THE CHAOS OF STARS
Release Date: September 10th, 2013
Source: ARC from Publisher
Isadora’s family is seriously screwed up.
Of course, as the human daughter of Egyptian gods, that pretty much comes with the territory. She’s also stuck with parents who barely notice her, and a house full of relatives who can’t be bothered to remember her name. After all, they are going to be around forever—and she’s a mere mortal.
Isadora’s sick of living a life where she’s only worthy of a passing glance, and when she has the chance to move to San Diego with her brother, she jumps on it. But Isadora’s quickly finding that a “normal” life comes with plenty of its own epic complications—and that there’s no such thing as a clean break when it comes to family. Much as she wants to leave her past behind, she can’t shake the ominous dreams that foretell destruction for her entire family. When it turns out there may be truth in her nightmares, Isadora has to decide whether she can abandon her divine heritage after all.
Isadora’s your average teenager. Her family on the other hand, is not. Being Egyptian gods kind of singles you out, don’t you think? And being a mortal child to the goddess of rebirth and the god of the underworld, also means you don’t mean much. It’s complicated.
So when Isadora gets a chance to stay with her brother in San Diego, she goes quite happily, but America is nothing like it seems. With the constant dreams of darkness and the strange happenings going on, Isadora learns that the no matter where she goes, her past will always shadow her.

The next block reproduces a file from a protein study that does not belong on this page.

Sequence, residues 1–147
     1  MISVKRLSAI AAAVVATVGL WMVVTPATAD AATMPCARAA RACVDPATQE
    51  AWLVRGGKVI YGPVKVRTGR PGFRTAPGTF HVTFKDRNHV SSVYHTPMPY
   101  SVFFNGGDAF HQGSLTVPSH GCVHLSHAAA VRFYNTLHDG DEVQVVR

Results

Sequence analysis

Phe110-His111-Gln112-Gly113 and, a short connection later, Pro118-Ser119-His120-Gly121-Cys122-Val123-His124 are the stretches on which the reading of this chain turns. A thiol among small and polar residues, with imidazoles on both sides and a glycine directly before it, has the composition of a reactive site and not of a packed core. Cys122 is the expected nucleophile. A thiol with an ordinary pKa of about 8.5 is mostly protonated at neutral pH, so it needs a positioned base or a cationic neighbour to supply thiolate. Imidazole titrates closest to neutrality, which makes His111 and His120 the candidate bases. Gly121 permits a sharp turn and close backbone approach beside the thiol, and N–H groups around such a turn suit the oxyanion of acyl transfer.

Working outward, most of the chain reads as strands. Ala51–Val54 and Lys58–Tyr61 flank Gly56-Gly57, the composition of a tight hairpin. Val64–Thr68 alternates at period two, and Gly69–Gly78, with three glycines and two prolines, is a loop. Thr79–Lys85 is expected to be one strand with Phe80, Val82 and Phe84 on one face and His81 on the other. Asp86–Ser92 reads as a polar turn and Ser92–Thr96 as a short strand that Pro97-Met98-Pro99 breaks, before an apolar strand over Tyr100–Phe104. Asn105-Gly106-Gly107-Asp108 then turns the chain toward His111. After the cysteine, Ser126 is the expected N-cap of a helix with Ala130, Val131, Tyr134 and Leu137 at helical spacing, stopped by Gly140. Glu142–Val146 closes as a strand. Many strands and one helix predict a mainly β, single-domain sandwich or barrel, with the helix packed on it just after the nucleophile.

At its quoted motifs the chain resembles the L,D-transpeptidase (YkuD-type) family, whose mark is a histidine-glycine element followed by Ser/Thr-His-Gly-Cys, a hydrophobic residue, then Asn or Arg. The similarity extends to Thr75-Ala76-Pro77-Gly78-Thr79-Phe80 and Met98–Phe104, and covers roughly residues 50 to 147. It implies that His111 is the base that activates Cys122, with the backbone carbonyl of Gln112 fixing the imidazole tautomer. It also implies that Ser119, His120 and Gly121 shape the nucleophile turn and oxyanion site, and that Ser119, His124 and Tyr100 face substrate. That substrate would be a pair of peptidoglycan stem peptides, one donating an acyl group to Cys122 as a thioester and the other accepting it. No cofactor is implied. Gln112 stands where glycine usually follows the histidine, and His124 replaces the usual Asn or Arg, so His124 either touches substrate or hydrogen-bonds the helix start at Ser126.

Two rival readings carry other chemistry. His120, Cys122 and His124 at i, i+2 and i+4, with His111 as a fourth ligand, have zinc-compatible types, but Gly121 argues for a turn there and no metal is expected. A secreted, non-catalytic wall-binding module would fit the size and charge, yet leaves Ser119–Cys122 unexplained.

There are those books that leave you astounded when you turn the last page. And then there are the books that make you shake your head at how it failed to meet your expectations. This book just so happens to be the second type.
As you all know, I devour mythology books. They’re one of my favorite subgenres of YA, so imagine how happy I was to get my hands on a copy of this. But THE CHAOS OF STARS disappointed me. Fortunately, not as much as some books have.
There were times when I cringed at how lame some of the dialogue was. And actually shut the book when our main character complained. Yes, I like a couple of characters that have a tendency to complain occasionally. Isadora on the other hand tended to whine about her mortalness on pretty much every page.
THE CHAOS OF STARS isn’t that bad though, I found myself smiling at some of the remarks Isadora’s friends made. The mythology part in the story was actually pretty great, Kiersten White weaves Egyptian tales into the story perfectly.
With that said, although THE CHAOS OF STARS was a novel that didn’t go over the top, it still managed to satisfy me. Should you pick it up? I’d say give it a try – but don’t expect anything serious. It’s more of a light, lame-funny kind of book. Oh well.